When I started studying for the CCM Exam, I noticed the information I needed was not easy for me to find and understand.
I needed to organize my notes by knowledge domain and thought this information could help others who were studying for the exam.
I read the study guides, researched the web, spoke to a bunch of people, joined a study group, organized my notes and put the information online so I could easily access my notes from anywhere.
Thus, CaseManagementStudyGuide.com was created.
Growth of a Community
Since the launch in December of 2013, I passed the CCM exam in April of 2014 and have had thousands of visitors use the study guide, and the numbers keep growing.
We have an active Facebook group with over 1600 members. It has become a place for people to connect, share information and help each other.
I smile each time I hear someone passed because of my resources.
Along the Way, I Met Anne
Anne is a healthcare leader with over 40 years of experience as a critical care nurse, case manager, professional patient advocate, educator and digital journalist. She has expertise as an independent case manager, specializing in catastrophic case management, workers’ compensation, and long – term care. (more…)
Have you decided to take your nursing career to a new level by becoming a case manager, but you’re still wondering if obtaining certification is really needed?
It’s a valid question to ask yourself.
There are so many factors to consider.
When will I study? How will I pay for the exam? How will I make sure I complete the continuing education requirements?
Answers to these questions will require a solid plan.
When you consider the expanding need for certified case managers including the growing elderly population and the growing number of chronically ill patients, finding a way to get that certification is a good step in your new nursing adventure.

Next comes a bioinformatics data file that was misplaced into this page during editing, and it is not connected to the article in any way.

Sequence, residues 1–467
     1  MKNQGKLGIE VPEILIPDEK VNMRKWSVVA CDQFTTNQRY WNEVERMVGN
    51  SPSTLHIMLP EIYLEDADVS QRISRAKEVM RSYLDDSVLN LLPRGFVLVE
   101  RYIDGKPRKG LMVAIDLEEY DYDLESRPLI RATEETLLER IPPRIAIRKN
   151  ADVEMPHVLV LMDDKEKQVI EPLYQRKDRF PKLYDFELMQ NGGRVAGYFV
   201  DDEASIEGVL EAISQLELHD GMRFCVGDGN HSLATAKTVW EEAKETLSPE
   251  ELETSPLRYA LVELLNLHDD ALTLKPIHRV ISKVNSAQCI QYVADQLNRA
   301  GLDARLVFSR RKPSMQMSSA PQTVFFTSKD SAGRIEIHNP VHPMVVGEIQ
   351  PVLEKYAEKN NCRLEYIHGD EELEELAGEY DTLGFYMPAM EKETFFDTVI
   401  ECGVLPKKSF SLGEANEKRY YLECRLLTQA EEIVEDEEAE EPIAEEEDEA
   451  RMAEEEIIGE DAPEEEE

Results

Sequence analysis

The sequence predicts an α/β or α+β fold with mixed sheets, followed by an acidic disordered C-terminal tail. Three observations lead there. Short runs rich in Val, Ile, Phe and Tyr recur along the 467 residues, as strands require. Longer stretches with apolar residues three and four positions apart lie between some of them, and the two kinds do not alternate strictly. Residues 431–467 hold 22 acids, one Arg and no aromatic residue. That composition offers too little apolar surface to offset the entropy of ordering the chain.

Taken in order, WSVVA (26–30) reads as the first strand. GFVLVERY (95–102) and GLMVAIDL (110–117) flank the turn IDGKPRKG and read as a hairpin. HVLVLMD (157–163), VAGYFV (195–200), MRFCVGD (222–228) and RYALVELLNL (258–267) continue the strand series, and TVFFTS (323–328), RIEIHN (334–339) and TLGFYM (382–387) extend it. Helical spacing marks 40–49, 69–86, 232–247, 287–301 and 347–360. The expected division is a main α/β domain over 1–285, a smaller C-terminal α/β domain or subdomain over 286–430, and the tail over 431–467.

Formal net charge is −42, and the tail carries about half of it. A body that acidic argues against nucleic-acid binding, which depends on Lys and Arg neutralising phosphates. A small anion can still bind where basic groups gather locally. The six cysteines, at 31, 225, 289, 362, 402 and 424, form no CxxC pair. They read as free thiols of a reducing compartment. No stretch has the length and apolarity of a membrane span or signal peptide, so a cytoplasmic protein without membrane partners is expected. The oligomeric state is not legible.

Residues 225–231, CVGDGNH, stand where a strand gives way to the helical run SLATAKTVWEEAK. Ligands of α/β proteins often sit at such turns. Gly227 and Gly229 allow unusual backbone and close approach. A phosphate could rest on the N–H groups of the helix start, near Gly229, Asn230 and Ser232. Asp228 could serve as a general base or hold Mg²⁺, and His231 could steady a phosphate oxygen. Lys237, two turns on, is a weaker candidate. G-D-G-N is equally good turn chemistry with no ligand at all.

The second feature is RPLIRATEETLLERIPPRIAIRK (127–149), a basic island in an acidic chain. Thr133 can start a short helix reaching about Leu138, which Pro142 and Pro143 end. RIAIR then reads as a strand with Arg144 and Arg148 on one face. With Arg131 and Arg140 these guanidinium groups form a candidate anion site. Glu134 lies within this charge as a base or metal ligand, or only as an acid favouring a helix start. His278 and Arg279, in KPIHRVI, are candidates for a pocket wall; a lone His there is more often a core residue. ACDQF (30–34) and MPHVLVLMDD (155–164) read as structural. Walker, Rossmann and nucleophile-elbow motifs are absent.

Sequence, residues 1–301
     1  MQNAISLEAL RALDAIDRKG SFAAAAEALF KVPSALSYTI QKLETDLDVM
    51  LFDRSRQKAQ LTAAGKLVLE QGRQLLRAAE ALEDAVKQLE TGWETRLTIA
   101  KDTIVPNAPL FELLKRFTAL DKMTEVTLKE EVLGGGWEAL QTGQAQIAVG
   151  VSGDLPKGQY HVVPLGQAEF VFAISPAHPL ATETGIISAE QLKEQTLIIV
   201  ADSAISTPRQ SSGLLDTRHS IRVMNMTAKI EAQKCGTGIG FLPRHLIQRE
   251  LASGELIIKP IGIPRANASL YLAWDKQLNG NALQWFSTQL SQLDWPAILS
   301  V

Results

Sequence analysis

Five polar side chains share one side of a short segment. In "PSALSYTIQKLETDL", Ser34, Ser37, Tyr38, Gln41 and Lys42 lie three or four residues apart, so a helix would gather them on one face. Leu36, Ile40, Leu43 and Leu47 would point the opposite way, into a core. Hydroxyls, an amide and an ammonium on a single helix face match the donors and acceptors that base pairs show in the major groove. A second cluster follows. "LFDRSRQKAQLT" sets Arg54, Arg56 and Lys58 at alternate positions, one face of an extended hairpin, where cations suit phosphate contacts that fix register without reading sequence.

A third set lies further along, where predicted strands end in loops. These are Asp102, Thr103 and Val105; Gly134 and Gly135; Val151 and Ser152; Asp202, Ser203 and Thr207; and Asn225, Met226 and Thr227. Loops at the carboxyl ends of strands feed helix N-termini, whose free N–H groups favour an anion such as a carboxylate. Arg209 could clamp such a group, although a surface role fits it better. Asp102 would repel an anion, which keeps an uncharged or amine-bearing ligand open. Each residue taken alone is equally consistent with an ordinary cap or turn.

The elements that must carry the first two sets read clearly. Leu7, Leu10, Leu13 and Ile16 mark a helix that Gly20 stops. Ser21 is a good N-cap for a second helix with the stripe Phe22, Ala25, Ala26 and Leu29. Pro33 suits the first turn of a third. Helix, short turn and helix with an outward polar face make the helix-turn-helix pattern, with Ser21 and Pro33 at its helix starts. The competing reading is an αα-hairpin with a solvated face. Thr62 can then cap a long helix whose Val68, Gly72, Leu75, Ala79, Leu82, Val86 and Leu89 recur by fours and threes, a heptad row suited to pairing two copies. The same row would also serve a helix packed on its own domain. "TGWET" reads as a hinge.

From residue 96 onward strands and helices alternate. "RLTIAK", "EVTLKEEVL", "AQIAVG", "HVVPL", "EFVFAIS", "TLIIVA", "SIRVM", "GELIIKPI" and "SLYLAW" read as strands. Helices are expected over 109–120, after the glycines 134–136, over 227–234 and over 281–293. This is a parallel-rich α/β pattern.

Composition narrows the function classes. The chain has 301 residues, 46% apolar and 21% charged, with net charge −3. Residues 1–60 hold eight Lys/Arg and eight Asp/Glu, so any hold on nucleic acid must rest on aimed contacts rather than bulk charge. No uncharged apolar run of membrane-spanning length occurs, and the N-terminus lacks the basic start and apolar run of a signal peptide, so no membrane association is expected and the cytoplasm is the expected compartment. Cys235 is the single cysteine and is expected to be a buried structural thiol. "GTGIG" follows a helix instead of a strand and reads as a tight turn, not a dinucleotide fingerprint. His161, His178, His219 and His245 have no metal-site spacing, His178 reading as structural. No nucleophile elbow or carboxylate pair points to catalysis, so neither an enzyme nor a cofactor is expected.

Here are a few reasons to become certified.
Sense of Personal Accomplishment
From that first successful IV stick to walking the line at graduation, every time you master a new nursing skill you feel great.
Obtaining certification is a mark of distinction that proves to you, your patients and the healthcare system you have acquired the knowledge to provide experienced case management to those you serve.
Increased Professional Opportunities
As healthcare continues to advance, the need for certified case managers who have the knowledge and skill to manage complex cases while saving time and money will increase.
From the increasing elderly population to more cases of chronically ill patients needing help navigating the healthcare system, the demand for certified case managers will continue to rise.
In a survey of nurse managers, 86 % indicated they would hire a certified nurse if everything else was equal.
The need for certified case managers will continue to grow, why not get certified now? (more…)
While attending the CMSA convention in Long Beach California this summer I was introduced to many new resources for case managers. By far my favorite was the Case Management Foundation. Prior to attending the convention I was unaware of the foundation and their work, so I wanted to help spread the word about this organization and the great work they are doing.
The Case Management Foundation (CMF) is a charitable organization created to support education, research, and professional development for case management professionals. They support projects and programs that help case managers in need, honor case managers who make significant contributions to the industry, contribute to case management research, and encourage collaborative and inclusive dialogue in our community.